ICC prosecutor seeks full probe into Duterte’s drug war killings
Fatou Bensouda says there is a basis to believe ‘the crime against humanity of murder’ was committed in government’s drug crackdown.
The outgoing prosecutor of the International Criminal Court has sought authorisation from The Hague tribunal to open a full investigation into Philippine President Rodrigo Duterte’s ongoing war on drugs that killed thousands of people, including innocent children.
Prosecutor Fatou Bensouda, whose term ends on Tuesday, said a preliminary probe that began in February 2018 determined “that there is a reasonable basis to believe that the Crime Against Humanity of murder was committed” in the Philippines between July 1, 2016 and March 16, 2019, which was when Duterte ordered that the Philippines withdraw from the court.
The suspected crimes happened “in the context of the government of Philippines ‘war on drugs’ campaign,” Bensouda said in a statement on Monday announcing that she was seeking judicial authorisation to proceed with a full investigation.
“Information obtained by the Prosecution suggests that state actors, primarily members of the Philippine security forces, killed thousands of suspected drug users and other civilians during official law enforcement operations.”
Duterte launched his deadly campaign against narcotics shortly after his victory in the May 2016 presidential elections.
Duterte ran on a single issue of fighting crimes in the Philippines, and during his campaign and later as president, he repeatedly urged police to “kill” drug suspects.
The latest government data shows that as of the end of April 2021, police and security forces have killed at least 6,117 suspected drug dealers during operations, although earlier government figures showed at least 8,600 deaths.
A Philippine police report in 2017, however, referred to 16,355 “homicide cases under investigations” as accomplishments in the drugs war.
As early as December 2016, Al Jazeera had already reported more than 6,000 deaths in the drug war, raising questions about the inconsistency of the government’s numbers.
Rights groups say the number of deaths could be at least 27,000, and accuse the authorities of carrying out summary executions that killed innocent suspects including children. Countless people were also killed by “unknown” gunmen.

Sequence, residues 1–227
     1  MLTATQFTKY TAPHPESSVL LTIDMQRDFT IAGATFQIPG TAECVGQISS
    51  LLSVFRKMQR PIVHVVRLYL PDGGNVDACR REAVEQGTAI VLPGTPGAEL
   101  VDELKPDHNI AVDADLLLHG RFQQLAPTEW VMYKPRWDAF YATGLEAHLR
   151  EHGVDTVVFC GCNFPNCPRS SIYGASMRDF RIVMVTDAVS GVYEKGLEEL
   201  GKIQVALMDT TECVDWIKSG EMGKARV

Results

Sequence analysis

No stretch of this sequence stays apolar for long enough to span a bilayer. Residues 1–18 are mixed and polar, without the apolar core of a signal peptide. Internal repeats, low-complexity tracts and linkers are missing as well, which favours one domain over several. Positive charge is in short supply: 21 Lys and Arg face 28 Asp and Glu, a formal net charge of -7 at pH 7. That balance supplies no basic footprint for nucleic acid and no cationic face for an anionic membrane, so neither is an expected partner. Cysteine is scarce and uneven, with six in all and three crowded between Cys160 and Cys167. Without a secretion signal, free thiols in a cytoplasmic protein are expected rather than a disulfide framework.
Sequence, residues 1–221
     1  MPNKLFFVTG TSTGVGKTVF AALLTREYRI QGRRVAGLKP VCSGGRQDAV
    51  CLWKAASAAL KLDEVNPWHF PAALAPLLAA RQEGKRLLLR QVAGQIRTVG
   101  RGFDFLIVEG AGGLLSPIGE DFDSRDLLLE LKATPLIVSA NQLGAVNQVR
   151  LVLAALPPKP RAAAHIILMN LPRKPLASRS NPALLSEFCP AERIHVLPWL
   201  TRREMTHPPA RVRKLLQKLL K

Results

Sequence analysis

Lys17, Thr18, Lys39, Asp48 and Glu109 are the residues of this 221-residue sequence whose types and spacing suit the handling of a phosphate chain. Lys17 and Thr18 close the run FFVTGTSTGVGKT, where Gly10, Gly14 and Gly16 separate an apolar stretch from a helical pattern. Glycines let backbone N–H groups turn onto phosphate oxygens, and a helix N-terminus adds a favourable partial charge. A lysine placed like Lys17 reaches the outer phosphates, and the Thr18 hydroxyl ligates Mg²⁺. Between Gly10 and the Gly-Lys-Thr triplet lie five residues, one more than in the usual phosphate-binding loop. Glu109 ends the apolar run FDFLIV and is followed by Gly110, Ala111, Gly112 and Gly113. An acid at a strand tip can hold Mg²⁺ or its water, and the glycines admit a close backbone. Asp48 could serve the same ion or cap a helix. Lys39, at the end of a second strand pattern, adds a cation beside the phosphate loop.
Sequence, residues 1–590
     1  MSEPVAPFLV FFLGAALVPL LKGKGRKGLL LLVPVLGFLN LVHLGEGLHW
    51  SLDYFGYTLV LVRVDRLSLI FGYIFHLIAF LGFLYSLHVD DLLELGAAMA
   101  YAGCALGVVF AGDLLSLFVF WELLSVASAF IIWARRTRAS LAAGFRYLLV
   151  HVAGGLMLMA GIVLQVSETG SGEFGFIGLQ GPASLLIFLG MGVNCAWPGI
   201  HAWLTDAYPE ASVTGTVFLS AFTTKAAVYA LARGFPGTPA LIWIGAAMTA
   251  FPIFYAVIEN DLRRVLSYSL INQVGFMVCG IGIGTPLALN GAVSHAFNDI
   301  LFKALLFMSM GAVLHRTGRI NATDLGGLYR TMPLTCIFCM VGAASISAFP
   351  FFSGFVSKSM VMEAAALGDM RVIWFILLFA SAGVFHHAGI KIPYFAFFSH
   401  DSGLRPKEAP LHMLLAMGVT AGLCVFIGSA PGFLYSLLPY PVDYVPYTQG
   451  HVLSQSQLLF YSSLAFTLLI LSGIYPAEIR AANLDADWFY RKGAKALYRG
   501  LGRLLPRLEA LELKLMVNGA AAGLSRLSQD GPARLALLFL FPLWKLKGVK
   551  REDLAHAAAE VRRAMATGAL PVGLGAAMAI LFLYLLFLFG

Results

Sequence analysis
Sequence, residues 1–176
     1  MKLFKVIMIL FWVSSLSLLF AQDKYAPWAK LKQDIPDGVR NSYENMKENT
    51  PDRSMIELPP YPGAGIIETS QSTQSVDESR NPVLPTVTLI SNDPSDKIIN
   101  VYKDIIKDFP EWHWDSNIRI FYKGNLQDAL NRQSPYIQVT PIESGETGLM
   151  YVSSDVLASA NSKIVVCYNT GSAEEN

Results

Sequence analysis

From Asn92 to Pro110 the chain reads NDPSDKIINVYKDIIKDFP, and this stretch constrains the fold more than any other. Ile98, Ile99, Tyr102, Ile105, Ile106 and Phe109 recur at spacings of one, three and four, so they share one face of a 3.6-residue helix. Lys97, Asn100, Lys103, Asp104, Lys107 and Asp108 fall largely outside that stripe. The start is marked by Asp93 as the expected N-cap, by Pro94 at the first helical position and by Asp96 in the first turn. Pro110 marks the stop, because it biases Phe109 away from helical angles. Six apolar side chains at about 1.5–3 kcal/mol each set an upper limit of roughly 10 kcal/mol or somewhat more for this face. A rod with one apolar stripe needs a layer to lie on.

Police say the suspects were killed when they resisted arrest and became violent, but there have been documented cases of suspects being executed, or survivors saying police shot unarmed civilians.
The drug war killings have also continued even in the middle of the coronavirus pandemic and lockdown, as Duterte vowed that there is no stopping in pursuing suspects.
Bensouda said prosecutors also reviewed allegations of “torture and other inhumane acts, and related events” dating back to November 1, 2011, “all of which we believe require investigation”.
Duterte’s drug war, she said, shows “a State policy to attack civilians”.
Those allegations centre in the city of Davao, where Duterte served as mayor for about two decades. In 2017, a retired police officer had linked Duterte and his men to nearly 200 killings in Davao.
In his regular press briefing on Tuesday, Duterte’s spokesman, Harry Roque, said dismissed the decision as “legally erroneous and politically motivated.”
He also said that the ICC “has no jurisdiction” of the alleged crimes, adding that the police officers have “the right to defend” themselves using “reasonable force” during drug operations, “and therefore, justified by the principle of necessity and proportionality.”
In an address recorded this week before the news of Bensouda’s request broke, Duterte called on human rights organisations to take a closer look into his war on drugs.
“You would notice that there are really persons who die almost daily because they fought back,” he said, warning drug dealers: “Do not destroy the country. I will kill you.”